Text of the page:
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French-Drain-Diagram

French Drains – Why Are They Important?

Despite the name, French drains didn’t actually come from France (unlike great inventions like the parachute, food processor, stethoscope, and aspirin). Instead, it was a creation of Henry Flagg French, who was an assistant US Treasury Secretary. Back in 1859, he released a document called Farm Drainage, and homeowners across the world have relied on French drains ever since.

What’s a French Drain?

As well as ‘French drain’, this design has several other names:

  • Rubble drain
  • Drain tile
  • Blind drain
  • Land drain
  • Rock drain
  • French ditch
  • Perimeter drain

For those who are still confused, the design revolves around a trench to collect all underground moisture. When landscaping, lots of homeowners and builders consider irrigation but don’t pay as much attention to drainage systems. Unfortunately, for locations where rainy seasons are common, this has the potential to cause all sorts of headaches.

When water is allowed to build, it damages the structure of the building, causes diseases in plants, and damages lawn mowing equipment. In many cases, it’s possible to eliminate the risk of these problems with a simple French drain. The size of your French drain depends on how much water needs to be carried, the land grade, and more.

Why Are French Drains Important?

Why would you want a French drain on your property? Primarily, the land needs a French drain because it relieves water tension around the home. Without a French drain, water has free rein to collect against the walls of the property, and this can seep through to cellars while also damaging the structural integrity of the whole building. Inside the home, you suffer from damp and mould. Outside, the mortar joints crumble while the brickwork starts to decay. The older the property, the more likely the damage is to cause major issues.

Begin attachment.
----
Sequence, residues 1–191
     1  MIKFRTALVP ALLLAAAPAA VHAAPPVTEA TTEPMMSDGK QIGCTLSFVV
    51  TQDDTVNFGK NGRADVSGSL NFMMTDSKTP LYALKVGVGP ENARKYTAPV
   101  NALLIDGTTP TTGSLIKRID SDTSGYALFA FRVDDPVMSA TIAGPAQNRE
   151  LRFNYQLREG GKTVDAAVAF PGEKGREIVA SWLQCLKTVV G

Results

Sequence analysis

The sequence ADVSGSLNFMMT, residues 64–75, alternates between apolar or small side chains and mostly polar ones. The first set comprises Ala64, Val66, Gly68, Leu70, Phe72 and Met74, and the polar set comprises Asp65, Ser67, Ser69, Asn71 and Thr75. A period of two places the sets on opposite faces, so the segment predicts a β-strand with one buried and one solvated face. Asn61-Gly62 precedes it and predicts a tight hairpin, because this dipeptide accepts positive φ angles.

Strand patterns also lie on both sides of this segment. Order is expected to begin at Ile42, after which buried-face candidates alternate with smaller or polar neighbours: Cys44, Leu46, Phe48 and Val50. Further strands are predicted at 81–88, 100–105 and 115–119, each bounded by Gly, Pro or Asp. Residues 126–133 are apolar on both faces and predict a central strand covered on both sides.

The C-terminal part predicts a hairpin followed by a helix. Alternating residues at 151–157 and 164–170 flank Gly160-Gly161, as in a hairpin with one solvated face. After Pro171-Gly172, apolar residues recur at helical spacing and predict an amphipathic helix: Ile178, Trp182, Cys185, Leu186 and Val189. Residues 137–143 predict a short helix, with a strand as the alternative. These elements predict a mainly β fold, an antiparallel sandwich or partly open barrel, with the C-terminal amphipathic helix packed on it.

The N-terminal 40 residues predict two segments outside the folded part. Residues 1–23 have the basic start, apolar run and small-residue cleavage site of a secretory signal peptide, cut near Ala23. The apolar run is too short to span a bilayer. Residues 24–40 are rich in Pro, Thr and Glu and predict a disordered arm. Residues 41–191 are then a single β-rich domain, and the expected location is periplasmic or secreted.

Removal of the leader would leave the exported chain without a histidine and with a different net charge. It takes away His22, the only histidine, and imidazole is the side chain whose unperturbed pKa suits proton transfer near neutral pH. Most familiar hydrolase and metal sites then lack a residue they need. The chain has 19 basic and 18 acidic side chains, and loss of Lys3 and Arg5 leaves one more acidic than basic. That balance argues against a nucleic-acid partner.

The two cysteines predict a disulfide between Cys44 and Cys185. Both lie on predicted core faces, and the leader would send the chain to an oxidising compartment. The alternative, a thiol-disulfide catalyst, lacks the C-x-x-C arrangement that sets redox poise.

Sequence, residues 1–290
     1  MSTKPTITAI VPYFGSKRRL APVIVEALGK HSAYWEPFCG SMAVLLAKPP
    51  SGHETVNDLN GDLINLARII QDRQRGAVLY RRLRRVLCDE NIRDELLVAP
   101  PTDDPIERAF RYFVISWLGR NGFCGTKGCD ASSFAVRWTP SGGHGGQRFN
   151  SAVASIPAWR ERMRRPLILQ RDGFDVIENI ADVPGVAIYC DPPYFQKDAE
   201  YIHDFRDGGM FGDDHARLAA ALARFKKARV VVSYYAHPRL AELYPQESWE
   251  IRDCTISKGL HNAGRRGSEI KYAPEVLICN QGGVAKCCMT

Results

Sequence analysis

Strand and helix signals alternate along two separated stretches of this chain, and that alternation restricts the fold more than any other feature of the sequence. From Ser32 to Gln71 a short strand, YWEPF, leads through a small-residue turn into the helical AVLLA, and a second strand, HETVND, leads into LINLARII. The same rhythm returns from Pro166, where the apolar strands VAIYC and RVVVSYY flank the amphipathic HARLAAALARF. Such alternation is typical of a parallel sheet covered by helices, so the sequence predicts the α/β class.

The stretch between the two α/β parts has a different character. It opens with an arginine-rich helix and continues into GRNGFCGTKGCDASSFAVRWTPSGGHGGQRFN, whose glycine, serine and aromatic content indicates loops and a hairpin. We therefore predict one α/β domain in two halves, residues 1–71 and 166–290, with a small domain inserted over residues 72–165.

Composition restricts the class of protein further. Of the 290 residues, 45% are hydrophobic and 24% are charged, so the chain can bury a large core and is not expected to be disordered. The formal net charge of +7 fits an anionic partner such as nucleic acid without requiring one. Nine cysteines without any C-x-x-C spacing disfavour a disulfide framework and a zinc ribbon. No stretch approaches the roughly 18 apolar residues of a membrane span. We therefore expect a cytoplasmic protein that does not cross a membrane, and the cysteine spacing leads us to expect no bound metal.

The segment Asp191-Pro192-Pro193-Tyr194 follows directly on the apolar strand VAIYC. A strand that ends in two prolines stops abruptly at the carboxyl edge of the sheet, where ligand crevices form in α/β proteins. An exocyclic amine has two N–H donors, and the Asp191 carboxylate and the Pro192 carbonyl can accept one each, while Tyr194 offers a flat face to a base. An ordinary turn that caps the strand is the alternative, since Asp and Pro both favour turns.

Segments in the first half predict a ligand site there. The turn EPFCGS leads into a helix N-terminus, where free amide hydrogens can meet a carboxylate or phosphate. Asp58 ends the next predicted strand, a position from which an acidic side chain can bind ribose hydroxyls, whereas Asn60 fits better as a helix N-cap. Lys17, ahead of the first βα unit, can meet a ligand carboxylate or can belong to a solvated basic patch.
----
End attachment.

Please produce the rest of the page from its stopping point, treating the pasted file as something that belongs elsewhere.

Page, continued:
When installed correctly, French drains keep water away from the building and carry it to other areas. However, its job doesn’t end there because modern designs also contain this water. Rather than having to deposit it somewhere, the drain contains the water and it gradually absorbs into a location of your choosing. Wherever it reabsorbs back into the landscape, the idea is that it’s kept away from walking areas and important structures.

Key Tips for Installing French Drains

When installing a French drain, planning is perhaps the most important stage of all. As discussed, it’s important to find a location where the water can sit away from structures and other critical areas. Furthermore, the trench itself needs a strong path without contacting pipes, cables, trees, and other obstructions. Although it sounds simple, most builders will plan a route with tape, string, rope, or even marker spray.

During the planning phase, don’t forget the additional soil you’ll have after digging. What will you do with the waste soil? While some people use it for a feature in the garden, others simply dispose of it or gift it to friends and family. As professionals will tell you, the trench should never go deeper than the home itself. When planning the trench route, keep in mind that a standard width for a French drain is between 20cm and 30cm.

While reading about French drains, we know that some people will be thinking about money. Is a French drain expensive? Ultimately, there’s no universal answer because it all depends on the required size, materials, and whether or not you choose a professional for the job (or perform the work yourself).

Generally speaking, you’ll pay between $20 and $30 per linear metre. In total, this means between $1,000 and $1,500. Speak to a professional service for a tailored quote! Contact Bill’s Custom Concrete & Yard Drainage for more details.

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